Ronnie van Hout: The creation of the world
A haunting video projection by Ronnie van Hout in the window of the old house opposite the Gallery on Worcester Boulevard.
Julia Morison: Meet me on the other side
Julia Morison's evocative post-quake sculptures and 'liqueurfaction' paintings return to Christchurch for a special showing in a gallery space overlooking the inner-city 'red zone'.
I seem to have temporarily misplaced my sense of humour
Stretching across a vast wall at the gateway to Sydenham, Wayne Youle's new public artwork is a shadowboard, where tools for rebuilding hang alongside many familiar but precious objects.
Here and Gone
In the last issue of Bulletin, senior curator Justin Paton wrote about the way the Christchurch earthquakes 'gazumped' the exhibitions on display at the Gallery – overshadowing them and shifting their meanings. In this issue, with the Gallery still closed to the public, he considers the place of art in the wider post-quake city – and discovers a monument in an unlikely place.
Sydenham-based photographer Doc Ross and his camera have been investigating the Christchurch urban environment for the past 14 years.
Matt Akehurst: You Are Here
Pablo Picasso, Marcel Duchamp, Damien Hirst, Robert Smithson, Michelangelo... Yes, all the big names have just arrived on the Christchurch Art Gallery forecourt.
Julia Morison: Aibohphobia
Julia Morison has turned the Gallery's squat grey bunker into a dizzying vision in dayglo green.
André Hemer: Things to do with paint that won't dry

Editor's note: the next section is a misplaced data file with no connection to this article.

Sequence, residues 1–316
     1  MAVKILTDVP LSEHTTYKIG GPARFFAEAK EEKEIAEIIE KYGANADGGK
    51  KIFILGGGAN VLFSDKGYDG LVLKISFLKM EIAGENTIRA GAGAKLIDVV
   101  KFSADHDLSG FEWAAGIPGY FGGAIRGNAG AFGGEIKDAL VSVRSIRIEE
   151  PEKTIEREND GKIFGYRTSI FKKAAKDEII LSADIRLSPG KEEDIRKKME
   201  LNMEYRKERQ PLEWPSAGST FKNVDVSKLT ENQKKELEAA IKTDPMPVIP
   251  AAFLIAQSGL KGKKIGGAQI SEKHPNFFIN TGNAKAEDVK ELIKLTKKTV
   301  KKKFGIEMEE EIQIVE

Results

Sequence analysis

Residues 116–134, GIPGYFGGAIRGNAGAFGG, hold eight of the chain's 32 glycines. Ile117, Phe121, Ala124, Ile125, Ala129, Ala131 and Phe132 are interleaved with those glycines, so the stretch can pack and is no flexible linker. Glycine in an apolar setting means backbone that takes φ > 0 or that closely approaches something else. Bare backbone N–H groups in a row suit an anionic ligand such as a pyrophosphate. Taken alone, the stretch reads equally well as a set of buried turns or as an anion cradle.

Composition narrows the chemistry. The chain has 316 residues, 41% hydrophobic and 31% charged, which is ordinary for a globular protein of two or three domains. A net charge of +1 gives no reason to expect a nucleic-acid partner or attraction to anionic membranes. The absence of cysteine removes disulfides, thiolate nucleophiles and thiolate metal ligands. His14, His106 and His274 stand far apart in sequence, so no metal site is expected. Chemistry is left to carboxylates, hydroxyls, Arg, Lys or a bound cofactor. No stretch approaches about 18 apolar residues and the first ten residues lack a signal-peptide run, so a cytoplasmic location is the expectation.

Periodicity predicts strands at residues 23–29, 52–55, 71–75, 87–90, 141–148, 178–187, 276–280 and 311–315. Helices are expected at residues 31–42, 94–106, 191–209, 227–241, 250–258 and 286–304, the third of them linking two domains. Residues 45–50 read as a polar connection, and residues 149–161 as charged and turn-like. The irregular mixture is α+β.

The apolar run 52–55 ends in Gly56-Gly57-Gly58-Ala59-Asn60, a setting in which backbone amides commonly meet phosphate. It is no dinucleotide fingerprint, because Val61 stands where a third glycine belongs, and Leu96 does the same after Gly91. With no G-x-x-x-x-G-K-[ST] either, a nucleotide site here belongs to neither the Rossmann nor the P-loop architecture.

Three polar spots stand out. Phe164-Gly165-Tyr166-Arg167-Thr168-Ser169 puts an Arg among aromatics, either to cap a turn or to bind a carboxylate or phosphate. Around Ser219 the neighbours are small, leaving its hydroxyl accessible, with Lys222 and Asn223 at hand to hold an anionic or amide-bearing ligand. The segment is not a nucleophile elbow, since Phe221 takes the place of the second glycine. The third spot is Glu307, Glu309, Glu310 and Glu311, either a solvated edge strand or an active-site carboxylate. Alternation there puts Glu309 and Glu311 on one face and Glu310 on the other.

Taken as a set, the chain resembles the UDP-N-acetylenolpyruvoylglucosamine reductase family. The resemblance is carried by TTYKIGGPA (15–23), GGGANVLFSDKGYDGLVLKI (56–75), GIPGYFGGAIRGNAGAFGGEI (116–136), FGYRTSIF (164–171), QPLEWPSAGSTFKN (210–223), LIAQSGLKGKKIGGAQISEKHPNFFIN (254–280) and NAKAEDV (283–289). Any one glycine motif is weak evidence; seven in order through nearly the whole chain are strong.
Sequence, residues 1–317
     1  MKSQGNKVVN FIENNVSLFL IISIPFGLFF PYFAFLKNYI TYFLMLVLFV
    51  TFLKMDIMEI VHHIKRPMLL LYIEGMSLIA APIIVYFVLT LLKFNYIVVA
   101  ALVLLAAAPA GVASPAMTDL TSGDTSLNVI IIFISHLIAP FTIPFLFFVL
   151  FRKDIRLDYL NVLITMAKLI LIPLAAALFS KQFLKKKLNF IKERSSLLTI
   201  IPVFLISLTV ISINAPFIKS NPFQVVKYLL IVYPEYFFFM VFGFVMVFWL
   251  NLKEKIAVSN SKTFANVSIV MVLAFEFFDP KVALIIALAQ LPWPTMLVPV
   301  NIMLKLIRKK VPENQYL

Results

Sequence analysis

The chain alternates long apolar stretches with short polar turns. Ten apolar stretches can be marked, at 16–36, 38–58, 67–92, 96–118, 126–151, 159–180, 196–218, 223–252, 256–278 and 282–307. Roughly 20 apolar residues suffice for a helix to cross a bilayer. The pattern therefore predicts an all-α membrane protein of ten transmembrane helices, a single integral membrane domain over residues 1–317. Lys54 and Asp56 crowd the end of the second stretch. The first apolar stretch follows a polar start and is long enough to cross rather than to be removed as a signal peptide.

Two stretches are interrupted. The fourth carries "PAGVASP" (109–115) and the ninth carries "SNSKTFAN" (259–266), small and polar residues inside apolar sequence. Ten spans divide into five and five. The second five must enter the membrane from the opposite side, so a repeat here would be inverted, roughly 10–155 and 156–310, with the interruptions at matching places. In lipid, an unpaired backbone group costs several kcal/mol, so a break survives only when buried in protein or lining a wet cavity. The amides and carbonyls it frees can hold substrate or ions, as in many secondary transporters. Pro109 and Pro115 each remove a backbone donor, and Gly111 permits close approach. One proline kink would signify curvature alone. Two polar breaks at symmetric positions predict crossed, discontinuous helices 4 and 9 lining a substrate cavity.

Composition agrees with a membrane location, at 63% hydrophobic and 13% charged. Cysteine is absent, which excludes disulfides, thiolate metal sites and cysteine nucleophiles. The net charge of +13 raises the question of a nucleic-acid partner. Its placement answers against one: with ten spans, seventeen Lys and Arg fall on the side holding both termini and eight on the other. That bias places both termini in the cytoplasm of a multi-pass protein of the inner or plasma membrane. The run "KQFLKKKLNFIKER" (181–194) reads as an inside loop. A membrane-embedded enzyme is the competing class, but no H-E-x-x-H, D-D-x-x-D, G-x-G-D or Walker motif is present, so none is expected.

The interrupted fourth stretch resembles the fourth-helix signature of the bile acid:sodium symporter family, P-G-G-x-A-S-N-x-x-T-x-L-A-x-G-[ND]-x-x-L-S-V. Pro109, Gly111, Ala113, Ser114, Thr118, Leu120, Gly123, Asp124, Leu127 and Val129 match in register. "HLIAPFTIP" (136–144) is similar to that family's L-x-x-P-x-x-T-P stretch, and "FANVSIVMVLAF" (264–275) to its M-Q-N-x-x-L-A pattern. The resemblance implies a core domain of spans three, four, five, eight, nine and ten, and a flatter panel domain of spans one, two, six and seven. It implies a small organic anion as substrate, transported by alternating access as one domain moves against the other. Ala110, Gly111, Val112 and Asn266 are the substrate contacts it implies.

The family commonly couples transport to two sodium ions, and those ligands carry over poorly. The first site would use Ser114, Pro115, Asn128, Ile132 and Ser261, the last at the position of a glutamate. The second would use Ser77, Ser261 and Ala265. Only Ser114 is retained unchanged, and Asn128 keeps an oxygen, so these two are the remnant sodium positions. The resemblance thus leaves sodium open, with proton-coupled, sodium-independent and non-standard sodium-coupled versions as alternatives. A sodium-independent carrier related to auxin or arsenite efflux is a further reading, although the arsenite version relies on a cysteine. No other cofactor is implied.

New Zealand artist André Hemer's colourful Worcester Boulevard intervention Things to do with paint that won't dry, appears to flow and spill down the side of the building.
Jae Hoon Lee: Annapurna
An immense and oddly surreal landscape glowing out from the Springboard over Worcester Boulevard is the latest addition to the Outer Spaces programme.
Scott Flanagan: Do You Remember Me Like I Do?
Including a wishing well and mirror painstakingly woven from reflective black VHS tape, Scott Flanagan's latest installation considers the surprisingly elusive nature of civic memory.
Reconstruction: Conversations on a City
In acknowledging architectural heritage loss in this city's present and past, this visually rich outdoor exhibition unfolds the ways in which dreams and values have been given form in our built environment.
In preparation for the next issue of Bulletin, Gallery photographer John and I have been out photographing some of the local artists who will be taking part in Rolling Maul when we reopen.